President Russell M. Nelson reminded us that “every activity, every lesson, all we do in the Church, point to the Lord and His holy house.”[viii]
Receiving a temple endowment is a sacred event that brings spiritual gifts of light into our lives in an ever-darkening world, similar to the redemption Jonah found through his covenantal prayer. The ordinances of the temple help us focus on our Savior and gain (1) greater knowledge of the Lord’s purposes and teachings, (2) power to do all that God wants us to do, (3) divine guidance and protection as we serve the Lord, our families, and others, (4) increased hope, comfort, and peace, and (5) promised blessings now and forever.[ix]
As you contemplate your own temple experiences, ask yourself:
How has the temple transformed me?
Am I looking towards the temple in my daily life?
So, what happens to Jonah after this incredible spiritual experience? As you read Chapters 3 and 4 which relates Jonah’s missionary success in Nineveh, ask yourself:
Did Jonah change after this spiritual rebirth? Or did he return to the person he was before being in the belly of the great fish?
When I have a major spiritual experience in my life, what can I do to keep that spiritual change active in my life?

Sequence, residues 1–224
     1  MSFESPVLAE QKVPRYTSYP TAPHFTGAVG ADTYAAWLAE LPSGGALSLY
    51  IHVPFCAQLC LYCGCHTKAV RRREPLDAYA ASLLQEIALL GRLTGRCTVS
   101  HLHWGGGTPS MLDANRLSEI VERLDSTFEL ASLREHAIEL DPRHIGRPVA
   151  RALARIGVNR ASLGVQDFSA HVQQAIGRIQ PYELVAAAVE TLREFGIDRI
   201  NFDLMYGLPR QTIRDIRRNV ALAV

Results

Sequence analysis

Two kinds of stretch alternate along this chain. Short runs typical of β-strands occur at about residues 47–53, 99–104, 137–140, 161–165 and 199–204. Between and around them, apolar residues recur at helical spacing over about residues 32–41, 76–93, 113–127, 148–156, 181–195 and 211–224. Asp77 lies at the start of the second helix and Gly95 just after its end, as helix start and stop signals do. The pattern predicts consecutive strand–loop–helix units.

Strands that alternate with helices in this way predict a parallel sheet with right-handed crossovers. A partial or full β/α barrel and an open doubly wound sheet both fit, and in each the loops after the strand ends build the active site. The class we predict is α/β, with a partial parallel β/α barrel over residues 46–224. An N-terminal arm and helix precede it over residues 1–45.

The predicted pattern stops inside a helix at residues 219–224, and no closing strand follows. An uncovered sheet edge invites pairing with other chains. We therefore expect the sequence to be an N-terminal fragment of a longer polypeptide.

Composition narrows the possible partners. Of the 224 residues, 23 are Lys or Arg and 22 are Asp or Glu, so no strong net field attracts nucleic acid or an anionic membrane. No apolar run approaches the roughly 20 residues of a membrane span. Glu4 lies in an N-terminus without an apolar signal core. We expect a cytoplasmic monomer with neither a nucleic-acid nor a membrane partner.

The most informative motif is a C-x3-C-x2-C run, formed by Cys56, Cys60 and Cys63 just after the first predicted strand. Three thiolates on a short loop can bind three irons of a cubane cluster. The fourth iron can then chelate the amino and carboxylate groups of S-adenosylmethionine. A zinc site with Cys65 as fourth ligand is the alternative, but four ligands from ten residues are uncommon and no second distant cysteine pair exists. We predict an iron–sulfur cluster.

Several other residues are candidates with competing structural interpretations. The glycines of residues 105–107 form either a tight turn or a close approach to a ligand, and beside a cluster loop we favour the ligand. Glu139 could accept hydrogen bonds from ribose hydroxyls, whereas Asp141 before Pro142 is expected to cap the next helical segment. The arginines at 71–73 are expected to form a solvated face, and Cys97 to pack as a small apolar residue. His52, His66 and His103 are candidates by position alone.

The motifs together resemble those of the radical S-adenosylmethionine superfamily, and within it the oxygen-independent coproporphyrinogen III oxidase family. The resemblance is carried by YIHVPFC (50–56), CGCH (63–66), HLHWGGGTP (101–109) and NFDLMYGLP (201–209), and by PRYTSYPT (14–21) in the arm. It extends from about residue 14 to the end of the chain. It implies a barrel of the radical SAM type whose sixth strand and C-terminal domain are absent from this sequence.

Alma taught: “[I]f you have experienced a change of heart, and if ye have felt to sing the song of redeeming love, I would ask, can ye feel so now?”[x]
Jonah’s story is an allegory of rebirth and the power of temple covenants that take us from spiritual death to a new life. Through these covenants, we can become filled with light, hope, and a greater understanding of our Savior, Jesus Christ and His calling to each of us. We may be called to do hard things, but through His power, we can accomplish the impossible, just as Jonah did.
May we find joy in the Lord this week as we seek to be true to our temple covenants and follow the call of the Lord.
[i] John Morris, Did Jonah Really Get Swallowed by a Whale? Institute of Creation Research.
[ii] Matthew 12:40
[iii] II Kings 14:25
[iv]Book of Jonah, Encyclopedia Britannica.
[v] Jonah 1:12
[vi] Jonah 2:4, 7
[vii] Jonah 2:9
[viii] Russell M. Nelson, “Personal Preparation for Temple Blessings,” Ensign, May 2001, 32.
[ix] Church of Jesus Christ of Latter-day Saints website, “About the Temple Endowment,” https://www.churchofjesuschrist.org/temples/what-is-temple-endowment?lang=eng
[x] Alma 5:26